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Atlantic Sharpnose Sharks
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|Atlantic Sharpnose sharks are a
small coastal species ranging the east coast of North America from NC to Florida.
They are also found in the Gulf of Mexico off Louisiana.
They have an interesting migratory pattern that brings them into NC and SC for the pupping season. Unlike the other migrations of sharks running North to South, Sharpnose Sharks migrate East. They head straight offshore and winter in the Gulf Stream. When the waters of South Carolina and Cape Fear warm up, thousands of them fill the near shore waters. They can tolerate very hot water (over 86 degrees F). This allows them to fatten up on easy prey during the summer months near shore before the long winter offshore.
They are voracious pups feeding on fish larger than themselves. This is probably due to their need to reach critical size in three months to increase survival. They do not attack humans despite their constant close proximity to swimmers. What people do not know is that this species is all around them at the beach. However, we have not had a report of a sharpnose bite ever.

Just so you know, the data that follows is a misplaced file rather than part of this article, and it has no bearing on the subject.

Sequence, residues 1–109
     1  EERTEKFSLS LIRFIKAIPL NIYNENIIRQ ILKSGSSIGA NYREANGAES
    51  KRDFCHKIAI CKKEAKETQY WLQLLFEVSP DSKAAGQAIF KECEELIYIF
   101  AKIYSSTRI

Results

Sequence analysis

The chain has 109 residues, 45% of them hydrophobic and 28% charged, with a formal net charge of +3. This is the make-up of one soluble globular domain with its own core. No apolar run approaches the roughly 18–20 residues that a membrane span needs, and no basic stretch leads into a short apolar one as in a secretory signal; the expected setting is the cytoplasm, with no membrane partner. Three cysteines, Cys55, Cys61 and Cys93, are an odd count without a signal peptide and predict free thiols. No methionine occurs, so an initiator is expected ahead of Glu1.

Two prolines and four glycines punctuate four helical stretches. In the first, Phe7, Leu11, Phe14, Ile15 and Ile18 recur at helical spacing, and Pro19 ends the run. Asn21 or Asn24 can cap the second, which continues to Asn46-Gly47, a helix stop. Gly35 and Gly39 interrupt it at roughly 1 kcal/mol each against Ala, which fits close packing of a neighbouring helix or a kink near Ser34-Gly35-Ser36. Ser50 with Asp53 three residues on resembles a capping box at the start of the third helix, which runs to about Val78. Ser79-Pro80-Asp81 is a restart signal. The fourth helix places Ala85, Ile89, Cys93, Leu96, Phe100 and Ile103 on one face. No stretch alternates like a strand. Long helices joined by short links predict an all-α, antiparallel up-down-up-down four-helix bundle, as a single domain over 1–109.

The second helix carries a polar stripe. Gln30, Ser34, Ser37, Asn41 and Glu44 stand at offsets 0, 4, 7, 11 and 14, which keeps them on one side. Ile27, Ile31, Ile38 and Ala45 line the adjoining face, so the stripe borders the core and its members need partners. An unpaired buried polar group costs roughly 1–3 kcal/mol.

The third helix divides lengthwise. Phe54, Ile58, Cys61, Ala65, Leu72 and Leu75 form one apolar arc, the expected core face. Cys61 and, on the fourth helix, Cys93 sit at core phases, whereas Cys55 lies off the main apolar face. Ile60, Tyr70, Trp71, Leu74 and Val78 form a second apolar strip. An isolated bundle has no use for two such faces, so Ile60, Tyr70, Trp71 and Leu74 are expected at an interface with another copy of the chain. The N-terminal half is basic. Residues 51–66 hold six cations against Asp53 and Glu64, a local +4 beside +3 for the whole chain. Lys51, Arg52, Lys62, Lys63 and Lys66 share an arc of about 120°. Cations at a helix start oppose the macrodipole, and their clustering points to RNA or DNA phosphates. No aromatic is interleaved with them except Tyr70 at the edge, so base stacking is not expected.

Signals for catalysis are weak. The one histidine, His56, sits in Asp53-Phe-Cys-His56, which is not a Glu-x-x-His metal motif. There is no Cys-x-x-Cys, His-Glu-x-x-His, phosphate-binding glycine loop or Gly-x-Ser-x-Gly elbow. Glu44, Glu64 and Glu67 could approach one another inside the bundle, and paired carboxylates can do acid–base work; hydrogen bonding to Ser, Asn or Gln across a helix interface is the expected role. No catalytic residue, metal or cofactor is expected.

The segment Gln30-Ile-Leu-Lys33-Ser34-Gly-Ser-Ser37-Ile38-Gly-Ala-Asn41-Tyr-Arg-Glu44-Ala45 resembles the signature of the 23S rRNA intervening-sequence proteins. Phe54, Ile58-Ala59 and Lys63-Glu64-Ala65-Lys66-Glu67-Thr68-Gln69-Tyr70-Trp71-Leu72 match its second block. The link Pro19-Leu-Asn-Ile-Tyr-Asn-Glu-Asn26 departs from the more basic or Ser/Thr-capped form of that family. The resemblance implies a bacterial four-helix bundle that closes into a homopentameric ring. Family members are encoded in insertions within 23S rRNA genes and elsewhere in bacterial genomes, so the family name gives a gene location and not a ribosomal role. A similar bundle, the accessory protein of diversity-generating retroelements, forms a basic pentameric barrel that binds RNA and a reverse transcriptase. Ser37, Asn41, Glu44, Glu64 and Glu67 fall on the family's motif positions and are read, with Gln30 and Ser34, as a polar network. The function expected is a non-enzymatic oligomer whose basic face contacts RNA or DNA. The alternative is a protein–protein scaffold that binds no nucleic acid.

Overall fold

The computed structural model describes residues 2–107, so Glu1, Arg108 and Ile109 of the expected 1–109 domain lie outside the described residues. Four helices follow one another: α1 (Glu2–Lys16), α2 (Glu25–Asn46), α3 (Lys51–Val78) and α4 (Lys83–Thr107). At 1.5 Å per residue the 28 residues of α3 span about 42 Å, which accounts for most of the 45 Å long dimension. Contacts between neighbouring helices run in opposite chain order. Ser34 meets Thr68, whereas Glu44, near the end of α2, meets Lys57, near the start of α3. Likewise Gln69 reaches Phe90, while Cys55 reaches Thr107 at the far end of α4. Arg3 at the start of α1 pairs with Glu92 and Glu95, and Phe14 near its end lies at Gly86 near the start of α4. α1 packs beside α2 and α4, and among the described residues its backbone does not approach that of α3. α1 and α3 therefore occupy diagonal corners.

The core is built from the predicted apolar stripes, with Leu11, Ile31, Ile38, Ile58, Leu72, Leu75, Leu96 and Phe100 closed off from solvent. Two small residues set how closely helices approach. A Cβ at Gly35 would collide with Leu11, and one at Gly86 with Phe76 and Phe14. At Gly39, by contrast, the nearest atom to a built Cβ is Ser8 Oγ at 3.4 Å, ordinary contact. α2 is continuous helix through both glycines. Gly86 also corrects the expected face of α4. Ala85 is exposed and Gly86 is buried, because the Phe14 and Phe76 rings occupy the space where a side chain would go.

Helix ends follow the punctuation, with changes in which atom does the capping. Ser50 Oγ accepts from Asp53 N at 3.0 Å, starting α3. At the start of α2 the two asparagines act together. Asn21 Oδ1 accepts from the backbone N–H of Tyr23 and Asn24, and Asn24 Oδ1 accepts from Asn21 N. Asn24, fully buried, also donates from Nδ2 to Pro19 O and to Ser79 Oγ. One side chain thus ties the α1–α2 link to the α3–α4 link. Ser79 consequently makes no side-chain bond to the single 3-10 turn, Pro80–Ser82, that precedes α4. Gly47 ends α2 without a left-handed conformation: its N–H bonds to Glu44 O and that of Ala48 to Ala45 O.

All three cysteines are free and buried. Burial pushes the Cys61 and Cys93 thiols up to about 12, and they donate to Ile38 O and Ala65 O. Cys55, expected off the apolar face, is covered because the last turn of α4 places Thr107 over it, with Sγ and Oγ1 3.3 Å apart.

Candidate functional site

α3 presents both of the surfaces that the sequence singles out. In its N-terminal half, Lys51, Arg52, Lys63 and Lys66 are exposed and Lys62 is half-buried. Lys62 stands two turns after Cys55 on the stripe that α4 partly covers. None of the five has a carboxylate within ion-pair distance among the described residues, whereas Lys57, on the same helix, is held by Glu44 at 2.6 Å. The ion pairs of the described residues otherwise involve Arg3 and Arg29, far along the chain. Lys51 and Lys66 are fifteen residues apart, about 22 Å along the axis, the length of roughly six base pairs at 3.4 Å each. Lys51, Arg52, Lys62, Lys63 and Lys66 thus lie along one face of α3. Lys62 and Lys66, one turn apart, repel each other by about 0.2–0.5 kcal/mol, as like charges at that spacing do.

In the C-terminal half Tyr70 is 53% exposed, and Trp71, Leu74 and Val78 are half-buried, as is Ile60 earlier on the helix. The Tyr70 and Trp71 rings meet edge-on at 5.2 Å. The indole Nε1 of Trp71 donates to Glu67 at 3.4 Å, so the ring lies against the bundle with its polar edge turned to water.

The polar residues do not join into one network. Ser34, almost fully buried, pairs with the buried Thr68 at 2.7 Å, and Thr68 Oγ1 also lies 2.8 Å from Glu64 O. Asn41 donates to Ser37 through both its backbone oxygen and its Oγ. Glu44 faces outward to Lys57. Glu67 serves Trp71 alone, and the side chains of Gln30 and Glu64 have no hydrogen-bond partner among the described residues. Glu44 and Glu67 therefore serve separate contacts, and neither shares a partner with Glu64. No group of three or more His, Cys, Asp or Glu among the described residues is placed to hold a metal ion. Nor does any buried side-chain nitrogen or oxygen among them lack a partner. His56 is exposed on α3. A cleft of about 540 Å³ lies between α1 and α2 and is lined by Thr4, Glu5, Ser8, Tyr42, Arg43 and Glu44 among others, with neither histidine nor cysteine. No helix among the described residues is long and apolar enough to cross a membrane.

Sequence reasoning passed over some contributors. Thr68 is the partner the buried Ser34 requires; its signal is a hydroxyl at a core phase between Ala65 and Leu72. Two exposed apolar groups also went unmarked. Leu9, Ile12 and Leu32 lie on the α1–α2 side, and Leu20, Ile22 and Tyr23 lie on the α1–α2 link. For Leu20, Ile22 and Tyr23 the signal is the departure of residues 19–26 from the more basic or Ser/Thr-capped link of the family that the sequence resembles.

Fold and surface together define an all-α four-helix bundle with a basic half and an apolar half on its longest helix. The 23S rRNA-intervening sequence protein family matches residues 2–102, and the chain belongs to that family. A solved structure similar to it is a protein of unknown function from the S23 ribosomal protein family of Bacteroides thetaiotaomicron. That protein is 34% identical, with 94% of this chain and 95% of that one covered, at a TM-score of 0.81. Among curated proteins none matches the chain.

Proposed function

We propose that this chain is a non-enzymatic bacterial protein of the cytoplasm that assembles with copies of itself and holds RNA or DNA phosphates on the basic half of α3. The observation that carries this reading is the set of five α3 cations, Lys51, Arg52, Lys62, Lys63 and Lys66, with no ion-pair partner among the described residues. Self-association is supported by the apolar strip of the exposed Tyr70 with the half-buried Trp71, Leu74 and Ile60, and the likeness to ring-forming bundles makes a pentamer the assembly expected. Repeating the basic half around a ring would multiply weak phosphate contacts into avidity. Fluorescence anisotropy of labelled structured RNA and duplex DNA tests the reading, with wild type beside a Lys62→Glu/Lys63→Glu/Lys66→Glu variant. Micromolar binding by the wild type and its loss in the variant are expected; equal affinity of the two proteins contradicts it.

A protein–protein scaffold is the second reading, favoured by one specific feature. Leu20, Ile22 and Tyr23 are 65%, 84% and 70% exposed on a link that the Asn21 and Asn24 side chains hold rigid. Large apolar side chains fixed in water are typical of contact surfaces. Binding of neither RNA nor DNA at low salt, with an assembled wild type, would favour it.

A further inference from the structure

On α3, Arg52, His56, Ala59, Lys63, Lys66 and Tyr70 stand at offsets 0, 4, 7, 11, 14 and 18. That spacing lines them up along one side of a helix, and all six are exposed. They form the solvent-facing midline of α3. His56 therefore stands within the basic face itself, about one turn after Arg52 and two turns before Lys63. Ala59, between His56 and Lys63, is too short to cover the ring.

They are a fast and strong species for their size. Sharpnose top out around 3 feet and stay a slender light weight. Their teeth are small and slightly hooked allowing for excellent cutting. They have an exaggerated head shake during feeding as they employ their small teeth to saw through thick prey. Pups will take on bites as thick as their own heads, sawing doggedly through the flesh of the prey. They will hang on until they successful cut out a huge chunk to swallow. At times, I will catch a fish with a cookie cutter bite taken out of him that healed up after a sharpnose pup attack.
Sharpnose can be kept in captivity even from newborn size. They do not outgrow aquariums due to their small size. They can cohabitate with other small coastals and even large species of sharks. I have kept them with all small coastals as well as Sandbars. They are fun to feed. Due to their large number of pups in each litter and low fishing pressure, Atlantic Sharpnose are here to stay and excellent as a species for display.